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Is it all about depression? Determinants of burnout among employees referred for inpatient treatment of job-related stress disorders


Schwarzkopf, Kathleen; Straus, Doris; Porschke, Hildburg; Znoj, Hansjörg; von Känel, Roland (2019). Is it all about depression? Determinants of burnout among employees referred for inpatient treatment of job-related stress disorders. Zeitschrift für Psychosomatische Medizin und Psychotherapie, 65(2):183-197.

Abstract

Objectives: There is an ongoing debate as to whether job burnout and depression are overlapping concepts or differ from each other, although this has not been scrutinized in inpatients. To further elucidate the robustness of this relationship, we used three different measurements of depression. We further examined the influence of psychological distress, perceived stress and sleep quality in the link between depressive symptoms and burnout. Methods: We investigated 723 consecutive inpatients, aged 23 to 82 years, 51.2 % women, referred to a hospital specialized in the treatment of job stress-related disorders. Patients completed the Maslach Burnout Inventory, the Beck Depression Inventory, the Hospital Anxiety and Depression Scale, the Brief Symptom Inventory, the Perceived Stress Scale, and the Pittsburgh Sleep Quality Index. Results: We found significant correlations between burnout total scores as well as subscales (emotional exhaustion, depersonalization, lack of accomplishment) and depressive symptoms, virtually independent of the applied depression measure. The shared variance ranged between 1.1 % and 19.4 %. Greater levels of burnout were directly associated with cognitiveaffective symptoms and, although to a lesser extent, also with somatic-affective symptoms of depression. In the multivariable analysis, significantly more total burnout symptoms were revealed in more depressed and younger patients, in men than women, and in employees with greater levels of psychological distress and perceived stress, respectively. Conclusions: The findings suggest that although burnout and depression do not represent the same psychopathology, there is considerable overlap between the two constructs; the extent of this overlap may vary depending upon the applied depression measure.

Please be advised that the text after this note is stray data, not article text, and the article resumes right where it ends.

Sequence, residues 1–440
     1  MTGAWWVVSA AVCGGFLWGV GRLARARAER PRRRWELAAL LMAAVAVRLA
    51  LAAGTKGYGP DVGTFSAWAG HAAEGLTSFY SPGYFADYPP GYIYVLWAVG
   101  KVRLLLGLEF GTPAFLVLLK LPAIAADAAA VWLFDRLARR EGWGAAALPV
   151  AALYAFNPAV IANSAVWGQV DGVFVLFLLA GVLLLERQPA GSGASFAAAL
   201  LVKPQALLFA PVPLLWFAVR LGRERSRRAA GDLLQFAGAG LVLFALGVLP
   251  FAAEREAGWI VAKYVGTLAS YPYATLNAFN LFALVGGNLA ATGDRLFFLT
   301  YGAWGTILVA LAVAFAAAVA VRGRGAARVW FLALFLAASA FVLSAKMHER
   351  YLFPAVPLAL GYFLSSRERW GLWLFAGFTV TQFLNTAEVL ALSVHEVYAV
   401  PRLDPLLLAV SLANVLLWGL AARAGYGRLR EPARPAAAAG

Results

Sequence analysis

Abstract

Objectives: There is an ongoing debate as to whether job burnout and depression are overlapping concepts or differ from each other, although this has not been scrutinized in inpatients. To further elucidate the robustness of this relationship, we used three different measurements of depression. We further examined the influence of psychological distress, perceived stress and sleep quality in the link between depressive symptoms and burnout. Methods: We investigated 723 consecutive inpatients, aged 23 to 82 years, 51.2 % women, referred to a hospital specialized in the treatment of job stress-related disorders. Patients completed the Maslach Burnout Inventory, the Beck Depression Inventory, the Hospital Anxiety and Depression Scale, the Brief Symptom Inventory, the Perceived Stress Scale, and the Pittsburgh Sleep Quality Index. Results: We found significant correlations between burnout total scores as well as subscales (emotional exhaustion, depersonalization, lack of accomplishment) and depressive symptoms, virtually independent of the applied depression measure. The shared variance ranged between 1.1 % and 19.4 %. Greater levels of burnout were directly associated with cognitiveaffective symptoms and, although to a lesser extent, also with somatic-affective symptoms of depression. In the multivariable analysis, significantly more total burnout symptoms were revealed in more depressed and younger patients, in men than women, and in employees with greater levels of psychological distress and perceived stress, respectively. Conclusions: The findings suggest that although burnout and depression do not represent the same psychopathology, there is considerable overlap between the two constructs; the extent of this overlap may vary depending upon the applied depression measure.

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Additional indexing

Item Type:Journal Article, refereed, original work
Communities & Collections:04 Faculty of Medicine > University Hospital Zurich > Klinik für Konsiliarpsychiatrie und Psychosomatik
Dewey Decimal Classification:610 Medicine & health
Language:German
Date:3 June 2019
Deposited On:18 Feb 2020 15:12
Last Modified:23 Feb 2020 07:01
Publisher:Vandenhoeck & Ruprecht
ISSN:1438-3608
OA Status:Closed
Publisher DOI:https://doi.org/10.13109/zptm.2019.65.2.183
PubMed ID:31154931

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